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McGlynn fits criteria for managerial vacancy at Tynecastle

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McGlynn previously spent a decade in various coaching capacities at Tynecastle before leaving to take over as manager of Raith Rovers in 2006. After winning promotion to the First Division in the 2008/9 season, McGlynn led the club to a seventh place finish and the semi-finals of the Scottish Cup the following season. Raith narrowly missed out on a return to the Scottish Premier League in the 2010/11 campaign and finished mid-table again last season.

Some may see the appointment as an underwhelming one, especially after Hearts’ owner, Vladimir Romanov, claimed that experienced managers from around Europe had applied for the job.

However, Robbie Nielson, one of the players nurtured by McGlynn during his spell as youth coach at the Gorgie club, believes that McGlynn’s work ethos and determination will see him succeed as Tynecastle. The former Hearts right-back said: “He’ll be the first guy in and the last guy to leave every day. You only ever get 100 per cent from John. I think he would be a good option for Hearts.”

Gregory Tade, who spent two years under McGlynn’s management at Raith, has also backed his former manager to succeed should he be given the job. He said: “I know that he doesn’t have that much experience as a manager in the SPL but I am sure that he will adapt.” The French striker puts his successful spell with Raith, which won him a move SPL side Inverness Caley Thistle, down to McGlynn’s coaching.

He said: “I owe him a lot; in fact I probably owe him my whole career, because if it wasn’t for him I don’t know what would have happened.” The Frenchman continued: “The lads like him in the changing room, when you are working with him you want to give 100 per cent.”

The need for Scottish clubs to operate within their means has been illustrated with the demise of Rangers in recent months and McGlynn’s appointment would be indicative of Scottish clubs’ tightening of their finances. Romanov, who has invested large sums of money into Hearts, has been forced to take a more frugal approach to the club’s spending given the current climate and his intention to restore the club’s financial health in order to sell his shares.

Hearts are unlikely to be able to attract the kind of players which have delivered two-Scottish Cup victories and a second-place finish during Romanov’s tenure, with the emphasis likely to be on bringing through youth players over the next few years. Neilson believes that McGlynn is an ideal candidate to guide the club in this direction, saying: “If Hearts are going to bring young boys through and put out a younger team, John would be a good man to do it. That’s what he’s done throughout his career.”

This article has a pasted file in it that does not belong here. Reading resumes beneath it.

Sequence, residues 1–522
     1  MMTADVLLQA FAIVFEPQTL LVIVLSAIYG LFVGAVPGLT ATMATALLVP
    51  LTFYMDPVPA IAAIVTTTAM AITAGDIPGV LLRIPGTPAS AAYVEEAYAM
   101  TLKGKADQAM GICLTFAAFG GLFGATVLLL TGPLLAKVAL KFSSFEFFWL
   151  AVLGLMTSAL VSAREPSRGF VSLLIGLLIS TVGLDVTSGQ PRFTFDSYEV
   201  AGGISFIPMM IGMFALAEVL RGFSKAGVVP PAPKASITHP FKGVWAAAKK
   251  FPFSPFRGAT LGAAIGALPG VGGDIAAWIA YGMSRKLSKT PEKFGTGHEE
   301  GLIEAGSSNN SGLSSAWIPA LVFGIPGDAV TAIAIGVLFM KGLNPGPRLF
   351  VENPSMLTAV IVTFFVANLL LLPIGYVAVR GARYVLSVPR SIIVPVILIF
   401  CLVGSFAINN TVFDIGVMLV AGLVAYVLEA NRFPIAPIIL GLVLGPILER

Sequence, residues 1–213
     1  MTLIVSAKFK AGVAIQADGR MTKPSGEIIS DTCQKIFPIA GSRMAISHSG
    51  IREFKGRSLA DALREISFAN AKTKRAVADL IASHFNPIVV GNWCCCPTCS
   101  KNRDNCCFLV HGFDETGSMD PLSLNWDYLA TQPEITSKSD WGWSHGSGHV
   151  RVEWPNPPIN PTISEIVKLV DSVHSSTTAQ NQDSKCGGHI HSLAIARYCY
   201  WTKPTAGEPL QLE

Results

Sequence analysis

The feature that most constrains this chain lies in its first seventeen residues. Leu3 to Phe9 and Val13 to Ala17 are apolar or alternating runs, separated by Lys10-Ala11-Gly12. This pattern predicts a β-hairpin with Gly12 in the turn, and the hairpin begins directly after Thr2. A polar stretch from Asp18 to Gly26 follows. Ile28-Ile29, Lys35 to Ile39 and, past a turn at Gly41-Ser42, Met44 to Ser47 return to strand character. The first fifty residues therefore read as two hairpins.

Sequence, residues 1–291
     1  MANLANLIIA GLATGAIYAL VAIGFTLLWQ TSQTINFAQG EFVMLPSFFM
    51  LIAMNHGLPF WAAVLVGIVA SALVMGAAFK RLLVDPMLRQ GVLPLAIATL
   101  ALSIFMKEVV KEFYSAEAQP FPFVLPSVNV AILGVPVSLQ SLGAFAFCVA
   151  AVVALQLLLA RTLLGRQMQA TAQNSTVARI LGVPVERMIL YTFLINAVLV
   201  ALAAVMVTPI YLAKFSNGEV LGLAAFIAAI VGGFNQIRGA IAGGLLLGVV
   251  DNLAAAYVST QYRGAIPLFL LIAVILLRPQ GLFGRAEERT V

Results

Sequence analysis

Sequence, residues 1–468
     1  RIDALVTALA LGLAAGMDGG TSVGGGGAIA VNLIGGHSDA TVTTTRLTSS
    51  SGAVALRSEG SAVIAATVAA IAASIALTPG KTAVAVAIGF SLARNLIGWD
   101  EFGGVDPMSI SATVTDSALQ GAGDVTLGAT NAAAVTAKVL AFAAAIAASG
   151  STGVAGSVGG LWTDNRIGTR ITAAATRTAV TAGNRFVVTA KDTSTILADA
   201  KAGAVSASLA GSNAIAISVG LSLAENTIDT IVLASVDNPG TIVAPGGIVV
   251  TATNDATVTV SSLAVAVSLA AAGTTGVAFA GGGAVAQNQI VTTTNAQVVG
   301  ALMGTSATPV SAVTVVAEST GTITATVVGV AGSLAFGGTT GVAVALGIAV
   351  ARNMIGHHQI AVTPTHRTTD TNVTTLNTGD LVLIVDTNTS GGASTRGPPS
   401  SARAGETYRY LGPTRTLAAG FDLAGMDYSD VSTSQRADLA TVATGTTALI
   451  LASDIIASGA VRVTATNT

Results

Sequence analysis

Working with a restricted budget is unlikely to perturb McGlynn as the limitations on his spending at Raith have been far greater than those he would face at Tynecastle.

McGlynn is already familiar with a number of the Hearts squad. Jason Holt, Denis Prychynenko, Jamie Walker and David Smith all spent last season on loan at Raith. Furthermore, Jamie MacDonald, Marius Zaliukas, Andy Webster and Andy Driver were coached by McGlynn prior to his departure from Tynecastle in 2006. David Templeton, who found it difficult to establish a place in the Hearts team under Paulo Sergio, will see McGlynn’s return as a chance to get his career back on track. Templeton had a productive loan spell at Raith in the second half of the 2008/9 season – scoring four goals in 15 appearances – and a return to the kind of form which saw Templeton nominated for the PFA Young Player of the Year award for the 2010/11 season would help to ease the loss of the likes of Rudi Skacel and Craig Beattie.

The major question for the Hearts fans will be whether McGlynn can handle the pressure that comes with managing the Tynecastle club. Increased media pressure and fan expectations following Raith’s surprising title challenge in the 2010/11 campaign were crucial factors behind the club’s deterioration in form which allowed Dunfermline to beat their local rivals to the title.

However, few, if any, believed that Raith would achieve more than a mid-table finish that year and McGlynn deserves credit for guiding the team to second place. As with any managerial appointment, a degree of risk would accompany the appointment of McGlynn due to his inexperience of managing a club the size of Hearts. But with the direction the club are taking, there may be few better suited to the job.

Written by Steven Ballantyne

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